BIC Best Practice Handbook
Before biomarker discoveries made in research organizations can be commercially utilized in the clinical laboratory settings, many studies and surveys need to be completed and many questions answered. Is there a market need? Can enough scientific and clinical evidence be generated to convince the end users? Is the biomarker patent protectable? Can the invention be transferred into a practical product and produced at a scale that makes sense financially?
Although commercial product development is not the focus of academic research, understanding the requirements of the industry and real-life end users are prerequisites for the successful commercialization of new biomarker assays.
The BIC Best Practice Handbook collects some of the best practices and pitfalls encountered at different phases of biomarker discovery and development, as well as patent protection and technology transfer at universities, hospitals and research organizations. The handbook focuses on in vitro diagnostics (IVD)-applicable biomarkers, i.e. markers that could potentially be examined in clinical specimens to provide information on the health status of a person in the healthcare or home settings.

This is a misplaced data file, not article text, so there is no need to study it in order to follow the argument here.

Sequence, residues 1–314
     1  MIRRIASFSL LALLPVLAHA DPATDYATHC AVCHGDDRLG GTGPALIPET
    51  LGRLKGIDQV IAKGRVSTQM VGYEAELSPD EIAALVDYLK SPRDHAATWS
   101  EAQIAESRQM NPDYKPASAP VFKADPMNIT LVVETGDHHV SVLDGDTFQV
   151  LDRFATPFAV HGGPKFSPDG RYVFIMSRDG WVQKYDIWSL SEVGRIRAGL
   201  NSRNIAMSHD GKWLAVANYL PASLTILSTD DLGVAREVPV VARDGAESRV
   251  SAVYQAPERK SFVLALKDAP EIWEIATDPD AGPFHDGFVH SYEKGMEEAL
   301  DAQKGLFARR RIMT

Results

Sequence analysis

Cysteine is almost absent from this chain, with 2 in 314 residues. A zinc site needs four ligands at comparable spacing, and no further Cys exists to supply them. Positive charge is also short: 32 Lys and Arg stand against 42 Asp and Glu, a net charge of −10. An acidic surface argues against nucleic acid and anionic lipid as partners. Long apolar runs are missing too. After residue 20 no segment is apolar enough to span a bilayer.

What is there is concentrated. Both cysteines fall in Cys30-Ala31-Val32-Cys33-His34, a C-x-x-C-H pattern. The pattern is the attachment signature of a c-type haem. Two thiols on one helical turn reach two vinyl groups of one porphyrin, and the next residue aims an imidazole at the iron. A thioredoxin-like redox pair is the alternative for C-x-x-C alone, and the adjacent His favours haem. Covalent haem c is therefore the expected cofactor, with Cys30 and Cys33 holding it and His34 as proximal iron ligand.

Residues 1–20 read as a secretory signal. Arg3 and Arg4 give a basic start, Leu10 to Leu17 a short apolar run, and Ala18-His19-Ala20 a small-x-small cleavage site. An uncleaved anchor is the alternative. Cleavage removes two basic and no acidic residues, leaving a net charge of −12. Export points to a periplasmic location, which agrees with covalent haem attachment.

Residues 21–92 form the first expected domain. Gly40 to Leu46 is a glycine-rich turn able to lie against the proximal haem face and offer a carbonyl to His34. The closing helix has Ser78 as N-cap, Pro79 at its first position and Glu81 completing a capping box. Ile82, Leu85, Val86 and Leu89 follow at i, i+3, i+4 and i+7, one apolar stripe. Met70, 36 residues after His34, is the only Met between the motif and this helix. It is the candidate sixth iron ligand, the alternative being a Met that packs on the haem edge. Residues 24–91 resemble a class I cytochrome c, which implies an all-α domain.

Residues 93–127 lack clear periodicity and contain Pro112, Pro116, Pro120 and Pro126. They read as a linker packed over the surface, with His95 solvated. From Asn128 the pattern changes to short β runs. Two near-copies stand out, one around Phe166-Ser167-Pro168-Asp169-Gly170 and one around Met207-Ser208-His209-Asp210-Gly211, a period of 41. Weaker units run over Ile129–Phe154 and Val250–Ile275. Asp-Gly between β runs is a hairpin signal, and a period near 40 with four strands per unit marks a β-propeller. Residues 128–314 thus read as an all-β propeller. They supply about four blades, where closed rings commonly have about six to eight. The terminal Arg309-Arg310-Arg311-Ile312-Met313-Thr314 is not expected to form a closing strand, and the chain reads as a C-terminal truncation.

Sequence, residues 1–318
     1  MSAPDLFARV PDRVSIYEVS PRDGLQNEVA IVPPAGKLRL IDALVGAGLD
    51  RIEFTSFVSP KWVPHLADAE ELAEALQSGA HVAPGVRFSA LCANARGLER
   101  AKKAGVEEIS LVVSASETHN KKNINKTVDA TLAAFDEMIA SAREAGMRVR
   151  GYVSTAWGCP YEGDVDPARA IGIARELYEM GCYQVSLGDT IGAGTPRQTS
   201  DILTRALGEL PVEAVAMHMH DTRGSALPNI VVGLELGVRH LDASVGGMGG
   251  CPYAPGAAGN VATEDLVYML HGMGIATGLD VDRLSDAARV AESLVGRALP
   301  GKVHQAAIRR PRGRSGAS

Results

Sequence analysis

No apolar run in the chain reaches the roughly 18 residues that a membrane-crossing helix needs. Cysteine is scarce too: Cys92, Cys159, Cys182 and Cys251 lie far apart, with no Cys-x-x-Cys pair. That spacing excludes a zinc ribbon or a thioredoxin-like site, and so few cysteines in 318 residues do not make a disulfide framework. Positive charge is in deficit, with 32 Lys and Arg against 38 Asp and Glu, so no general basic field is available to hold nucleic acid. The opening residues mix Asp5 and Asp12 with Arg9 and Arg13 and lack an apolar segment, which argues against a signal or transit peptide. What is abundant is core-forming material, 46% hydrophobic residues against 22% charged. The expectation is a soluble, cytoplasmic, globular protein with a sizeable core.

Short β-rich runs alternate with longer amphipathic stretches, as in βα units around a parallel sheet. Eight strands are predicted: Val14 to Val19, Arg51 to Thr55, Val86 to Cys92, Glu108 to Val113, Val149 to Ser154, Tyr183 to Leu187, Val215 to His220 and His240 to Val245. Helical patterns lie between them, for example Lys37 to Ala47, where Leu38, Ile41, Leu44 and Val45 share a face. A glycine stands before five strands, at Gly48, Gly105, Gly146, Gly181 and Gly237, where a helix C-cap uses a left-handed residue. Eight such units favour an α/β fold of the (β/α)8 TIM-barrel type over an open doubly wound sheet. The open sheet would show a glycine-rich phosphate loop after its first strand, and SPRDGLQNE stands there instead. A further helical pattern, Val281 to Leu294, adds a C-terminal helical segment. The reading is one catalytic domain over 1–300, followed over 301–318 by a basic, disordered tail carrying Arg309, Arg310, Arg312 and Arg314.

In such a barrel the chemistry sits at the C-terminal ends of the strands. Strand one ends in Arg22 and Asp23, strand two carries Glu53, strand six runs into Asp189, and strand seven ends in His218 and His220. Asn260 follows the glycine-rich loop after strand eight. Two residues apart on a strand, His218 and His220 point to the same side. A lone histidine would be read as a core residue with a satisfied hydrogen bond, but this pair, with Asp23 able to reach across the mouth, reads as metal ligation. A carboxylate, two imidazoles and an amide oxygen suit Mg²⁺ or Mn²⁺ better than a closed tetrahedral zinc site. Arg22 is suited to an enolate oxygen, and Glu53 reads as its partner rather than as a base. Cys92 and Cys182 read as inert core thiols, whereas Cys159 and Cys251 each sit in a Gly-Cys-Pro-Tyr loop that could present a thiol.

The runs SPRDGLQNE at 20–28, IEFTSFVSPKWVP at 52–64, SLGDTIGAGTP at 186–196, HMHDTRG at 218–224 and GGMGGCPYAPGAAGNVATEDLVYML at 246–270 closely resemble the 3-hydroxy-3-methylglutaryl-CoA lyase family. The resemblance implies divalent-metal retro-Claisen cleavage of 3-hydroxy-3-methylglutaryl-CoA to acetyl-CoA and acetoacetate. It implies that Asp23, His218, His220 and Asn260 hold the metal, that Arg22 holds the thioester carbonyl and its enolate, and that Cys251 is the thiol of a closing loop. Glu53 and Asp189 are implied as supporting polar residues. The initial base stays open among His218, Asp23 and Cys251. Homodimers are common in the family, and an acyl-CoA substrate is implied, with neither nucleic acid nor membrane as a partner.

The input for the collection has been sought from true-life practices which have led to success; practices found in literature and taught by experts in the field; opinions, expertise and experience of the different stakeholders (incl. end users, companies, TTOs, researchers, financiers), recommendations found in guidance, regulation or laws, as well as practices learned the hard way, i.e. repeatedly failing somewhere in the process and later adapting the process for increased success.
The best practices mainly include practices that are prerequisites for successful commercialization, but also practices that have been found to promote IVD-applicable biomarker commercialization.
The pitfalls are often the reasons why the commercialization fails and are of course something that should be avoided. These can relate for example to items or data that is missing or suboptimal, typical obstacles or failures somewhere else in the process (e.g. in patenting), or pieces of advice received from the industry partners or end users.
The main target group for the handbook is people involved with technology transfer, such as the personnel of Technology Transfer Offices (TTOs). However, the presented practices are not intended to be interpreted as strict rules but rather a source of inspiration. Optimal ways to proceed with patenting and commercialization significantly vary between cases and circumstances.